How to Eat a Kumquat

Eating a kumquat is as easy as eating a grape – there’s no peeling necessary; you just pop this bite-sized citrus fruit into your mouth peel and all and enjoy the burst of sweet-tart flavor over your tongue! In contrast with other citrus fruits, the peel of the kumquat is sweet and edible, while the juicy flesh is tart. If you’ve wondered what does a kumquat taste like, it’s this two-part taste sensation that pleases most kumquat fans, but if you think you would prefer sweet kumquat flavor over tart kumquat flavor, you can nip off one end and squeeze out the juice before devouring the sweet peel. (The only caveat is that, if you’re allergic to the peel of common citrus fruits, you may need to pass up kumquats.)

What is a kumquat?

Kumquats were originally grown in China (the word “kumquat” means “golden orange” in Chinese). Nowadays, kumquat trees grow in several other countries, including warmer areas of the United States such as Florida and California. The kumquat size is comparable to that of a grape. Kumquats are the smallest members of the citrus family.

Kumquat Benefits In Terms of Health

How big is a kumquat serving size? Because the individual kumquat fruit are so small, a full serving equals five kumquats. This makes them a great (and healthy!) grab-and-go snack.

A serving of 5 whole kumquats contains:

Calories: 71

Carbs: 16 grams

Protein: 2 grams

Fat: 1 gram

Fiber: 6.5 grams

Vitamin A: 6% of the RDI

Vitamin C: 73% of the RDI

Calcium: 6% of the RDI

Manganese: 7% of the RDI

Kumquats also supply smaller amounts of several B vitamins, vitamin E, iron, magnesium, potassium, copper and zinc. Kumquats are also rich in plant compounds, including flavonoids, phytosterols and essential oils. The fruit’s flavonoids have antioxidant and anti-inflammatory properties which may help protect against heart disease and cancer.

Can Kumquats Help You Fight Off Sickness?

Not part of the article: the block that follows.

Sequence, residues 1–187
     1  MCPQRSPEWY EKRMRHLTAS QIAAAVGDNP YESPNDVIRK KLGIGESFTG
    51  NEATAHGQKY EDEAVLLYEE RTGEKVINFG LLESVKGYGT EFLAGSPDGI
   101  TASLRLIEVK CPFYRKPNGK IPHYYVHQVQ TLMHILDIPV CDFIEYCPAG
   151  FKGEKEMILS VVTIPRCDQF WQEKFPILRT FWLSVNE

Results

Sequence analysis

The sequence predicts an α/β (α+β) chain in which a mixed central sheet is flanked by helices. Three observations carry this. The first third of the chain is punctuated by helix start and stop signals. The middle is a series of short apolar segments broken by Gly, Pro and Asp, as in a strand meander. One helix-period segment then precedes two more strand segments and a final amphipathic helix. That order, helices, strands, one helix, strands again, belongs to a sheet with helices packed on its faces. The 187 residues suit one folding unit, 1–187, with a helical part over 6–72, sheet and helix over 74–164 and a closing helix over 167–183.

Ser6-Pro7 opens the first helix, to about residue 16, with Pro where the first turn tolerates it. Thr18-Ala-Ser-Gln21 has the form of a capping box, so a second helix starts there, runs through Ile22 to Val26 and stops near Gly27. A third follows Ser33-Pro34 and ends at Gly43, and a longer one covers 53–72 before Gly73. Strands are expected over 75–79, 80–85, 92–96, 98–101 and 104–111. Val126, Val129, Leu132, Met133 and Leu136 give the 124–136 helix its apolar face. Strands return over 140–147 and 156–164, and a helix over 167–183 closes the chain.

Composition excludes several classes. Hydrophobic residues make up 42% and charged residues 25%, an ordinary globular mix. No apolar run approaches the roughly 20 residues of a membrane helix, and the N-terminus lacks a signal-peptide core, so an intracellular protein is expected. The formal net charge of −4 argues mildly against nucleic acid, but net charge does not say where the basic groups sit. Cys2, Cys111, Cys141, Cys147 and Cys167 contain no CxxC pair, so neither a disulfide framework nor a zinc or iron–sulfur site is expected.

In folk medicine in some Asian countries, the kumquat has been used to treat colds, coughs and other inflammation of the respiratory tract. Today, we know that there are certain compounds in kumquats that support your immune system. Kumquats are a super source of immune-supportive vitamin C.

Are Kumquats Good for Weight Loss?

Did you know that the plant compounds in kumquats may help fight obesity and associated diseases, including heart disease and Type 2 Diabetes? Scientists are testing this in mice using extract from kumquat peels. In a preliminary study, normal-weight mice fed a high-fat diet for eight weeks gained significantly more weight than mice given a high-fat diet plus kumquat extract or a low-fat control diet (all groups consumed about the same amount of calories).

How to Use Kumquats

Of course, eating them out of hand is the most popular way to enjoy kumquats (many people suggest popping the whole fruit into your mouth and biting in, which mixes the sweet and tart flavors, providing you with that unique kumquat taste). But kumquats can also be sliced into salads or used to make sauces, jellies and baked goods. They make attractive and tasty garnishes, too!

Where (and When) to Get Kumquats

In the United States, kumquat season is from November through June, but availability may vary depending on where you live. The most common variety sold in the United States is the Nagami Kumquat, which has an oval shape. The Meiwa Kumquat is also popular, and is round and a bit sweeter. Check for kumquats in supermarkets, gourmet food stores and Asian grocery stores. If you live in a state where the fruits are grown, you also may find them at farmers markets.